Tamoxifen in action
December 23, 1998
Tamoxifen in action
Views of tamoxifen and synthetic estrogen in action provide clues for designing better drugs
December 23, 1998
Researchers from the University of Chicago Medical Center and the Howard Hughes Medical Institute at the University of California at San Francisco have discovered the molecular mechanism by which tamoxifen blocks the effects of estrogen, a process that has been shown to prevent breast cancer in some women at high risk.
The results, published in the December 23, 1998 issue of Cell, provide valuable clues about ways to design new, more effective disease-preventing medications with fewer side effects.
"The goal is to figure out how to make drugs that retain the benefits of estrogen for brain, bone and heart and also have the benefits of estrogen blockers for the breast and uterus," said Geoffrey Greene, PhD, professor in the Ben May Institute of Cancer Research at the University of Chicago and a senior author of the study. "Now we have precise three-dimensional shapes of the complex that forms between several of these molecules and the estrogen receptor."
"These structural studies clarify how estrogens turn on genes and show precisely how tamoxifen blocks this process," said first-author Andrew Shiau, a graduate student in biochemistry and biophysics at the University of California, San Francisco (UCSF). "This sets the stage for intentional design of drugs with precise and selective action."
Estrogen has many health benefits. It delays the buildup of artery-clogging plaque, prevents bone loss leading to osteoporosis, and may even postpone the onset of Alzheimer's disease. These benefits disappear at menopause when women stop making significant amounts of estrogen. Although taking replacement estrogen can restore these benefits and prevent the hot flashes of menopause, continued exposure to this hormone increases a woman's risk of breast or uterine cancer.
Designer estrogens, also known as selective estrogen receptor modulators (SERMs), are a class of drugs that function like estrogen in some tissues but block estrogen's actions in others. The best known SERM is tamoxifen, which recently received FDA approval for breast cancer prevention.
But tamoxifen is flawed. It may block the potentially harmful action of estrogen in the breast, preserve estrogen's beneficial effects for bone maintenance and some of its cardiovascular effects, but unfortunately, it also retains estrogen's tendency to promote uterine cancer. Another SERM, raloxifene, appears to have similar benefits with less risk of uterine cancer. The two will be compared head-to-head in a large clinical trial beginning next year.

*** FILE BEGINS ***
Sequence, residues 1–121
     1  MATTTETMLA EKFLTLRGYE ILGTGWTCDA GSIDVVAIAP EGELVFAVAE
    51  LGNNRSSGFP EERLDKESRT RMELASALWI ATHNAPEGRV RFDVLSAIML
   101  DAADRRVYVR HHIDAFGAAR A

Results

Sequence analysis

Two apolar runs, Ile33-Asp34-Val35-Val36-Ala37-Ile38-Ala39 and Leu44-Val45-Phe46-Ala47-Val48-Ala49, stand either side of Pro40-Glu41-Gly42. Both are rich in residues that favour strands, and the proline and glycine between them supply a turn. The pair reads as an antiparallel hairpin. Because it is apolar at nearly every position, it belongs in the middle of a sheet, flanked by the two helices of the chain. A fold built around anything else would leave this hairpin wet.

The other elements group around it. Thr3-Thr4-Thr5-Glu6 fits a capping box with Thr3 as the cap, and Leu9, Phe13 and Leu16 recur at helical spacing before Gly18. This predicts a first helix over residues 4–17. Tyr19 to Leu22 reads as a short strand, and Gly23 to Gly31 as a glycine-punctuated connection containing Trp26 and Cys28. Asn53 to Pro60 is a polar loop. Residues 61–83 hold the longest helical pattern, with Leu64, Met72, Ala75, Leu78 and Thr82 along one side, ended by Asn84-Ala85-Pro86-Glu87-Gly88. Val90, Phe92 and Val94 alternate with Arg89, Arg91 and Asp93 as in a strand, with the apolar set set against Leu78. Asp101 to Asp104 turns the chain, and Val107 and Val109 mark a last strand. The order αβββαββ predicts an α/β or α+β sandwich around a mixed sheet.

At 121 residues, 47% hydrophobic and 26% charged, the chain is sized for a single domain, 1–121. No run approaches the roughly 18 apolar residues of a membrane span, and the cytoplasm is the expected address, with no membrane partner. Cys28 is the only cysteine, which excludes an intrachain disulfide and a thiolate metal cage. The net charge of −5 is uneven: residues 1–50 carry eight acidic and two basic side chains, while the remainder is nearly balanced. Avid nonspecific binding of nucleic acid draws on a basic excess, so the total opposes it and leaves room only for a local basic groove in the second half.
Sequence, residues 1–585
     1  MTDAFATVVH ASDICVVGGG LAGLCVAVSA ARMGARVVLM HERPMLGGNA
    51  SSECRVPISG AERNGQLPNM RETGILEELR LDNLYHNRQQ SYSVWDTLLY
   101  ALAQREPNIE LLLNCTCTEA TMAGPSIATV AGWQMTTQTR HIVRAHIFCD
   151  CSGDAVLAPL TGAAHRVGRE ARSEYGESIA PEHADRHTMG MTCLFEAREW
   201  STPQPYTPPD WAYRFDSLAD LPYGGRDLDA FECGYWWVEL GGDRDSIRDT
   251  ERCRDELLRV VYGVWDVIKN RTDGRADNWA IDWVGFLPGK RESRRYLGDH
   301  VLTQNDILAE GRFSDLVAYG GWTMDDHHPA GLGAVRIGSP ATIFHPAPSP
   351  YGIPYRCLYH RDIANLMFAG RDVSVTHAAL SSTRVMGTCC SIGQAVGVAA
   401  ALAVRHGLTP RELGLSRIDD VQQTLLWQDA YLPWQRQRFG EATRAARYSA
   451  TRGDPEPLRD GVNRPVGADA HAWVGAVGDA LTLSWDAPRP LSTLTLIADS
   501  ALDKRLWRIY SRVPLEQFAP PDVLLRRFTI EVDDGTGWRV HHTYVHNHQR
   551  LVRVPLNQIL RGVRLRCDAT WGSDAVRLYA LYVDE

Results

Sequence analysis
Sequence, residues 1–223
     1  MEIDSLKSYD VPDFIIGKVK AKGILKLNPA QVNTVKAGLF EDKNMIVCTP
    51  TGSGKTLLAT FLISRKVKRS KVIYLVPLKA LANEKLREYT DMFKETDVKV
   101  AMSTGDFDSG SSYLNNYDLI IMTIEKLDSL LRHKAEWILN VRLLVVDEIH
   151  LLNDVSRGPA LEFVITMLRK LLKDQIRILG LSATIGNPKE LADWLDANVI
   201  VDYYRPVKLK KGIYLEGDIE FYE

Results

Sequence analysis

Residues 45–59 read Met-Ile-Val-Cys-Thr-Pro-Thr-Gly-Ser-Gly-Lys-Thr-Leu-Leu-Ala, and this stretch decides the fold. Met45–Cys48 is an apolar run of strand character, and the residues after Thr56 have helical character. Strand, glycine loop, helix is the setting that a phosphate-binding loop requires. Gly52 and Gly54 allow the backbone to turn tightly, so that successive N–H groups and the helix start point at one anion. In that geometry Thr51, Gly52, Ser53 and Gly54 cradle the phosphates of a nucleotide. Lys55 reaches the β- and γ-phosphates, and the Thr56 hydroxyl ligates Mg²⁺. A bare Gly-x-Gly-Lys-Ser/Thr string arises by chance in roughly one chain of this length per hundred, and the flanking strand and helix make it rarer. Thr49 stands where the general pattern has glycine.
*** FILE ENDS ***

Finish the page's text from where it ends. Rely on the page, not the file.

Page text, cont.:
"Both are useful drugs but neither is ideal," said Greene. "As we learn more about how they interact with the estrogen receptor, we should be able to enhance their benefits and reduce their drawbacks."
Greene's Chicago predecessor Elwood Jensen determined in the 1950s that estrogen works by binding to a specific receptor, found only in certain types of tissues. Once contacted by estrogen, the receptor relays the message to turn on specific genes.
More recently, researchers have discovered that estrogen action is not a simple on-off signal. When the ligand occupies its binding site on the receptor, it triggers a change in the three-dimensional shape of the receptor that creates a docking site for either co-activators or co-repressers--proteins which when bound enhance or suppress the activity of the receptor. The shape change that's induced varies according to the nature of the compound, whether it's a full estrogen, a full anti-estrogen, or a mixed estrogen/anti-estrogen such as tamoxifen.
Thus, the signal mediated by the estrogen receptor inside a target cell can result in either an increase or decrease in the growth response to a given compound, which appears to influence how tissues respond differently to SERMs.
In the Cell paper, the researchers describe how tamoxifen alters the normal shape of the receptor in a way that covers up a co-activator binding site that is ordinarily exposed by estrogen or by synthetic estrogens such as DES. Tamoxifen causes one region of the receptor to rotate out of place, not only preventing it from functionin--but packing it into a groove where a co-activator protein is thought to bind.
A related paper from the University of York, published a year ago, found a similar difference between the effects of estradiol--a form of estrogen--and raloxifene. But the UCSF/University of Chicago paper in Cell is the first to connect these structural changes with alterations in coactivator binding to the estrogen receptor. The UCSF/Chicago investigators have also noted some slight differences between the three-dimensional shapes of the receptor bound to tamoxifen and to raloxifene. This may lead to a better understanding of the different biology of these two compounds in tissues like the uterus.
"Our work doesn't provide the blueprint for the perfect replacement estrogen," said Greene, "but this collection of receptor structures--first estradiol and raloxifene, and now DES and tamoxifen--offers us the best clues to date about how to begin to design new drugs."
The other senior author of the paper is David Agard, professor of biochemistry and biophysics and Howard Hughes Medical Investigator at UCSF. Other authors are: Peter Kushner, also of UCSF; and Danielle Barstad, Paula Loria, and Lin Chang from the University of Chicago. Researchers in Greene's laboratory initiated the study and crystallized the proteins. The structures and their molecular-level function were determined using X-ray crystallography in Agard's laboratory. Funding for the study was provided by the United States Army, the National Cancer Institute, the American Cancer Society, and the National Institutes of Health.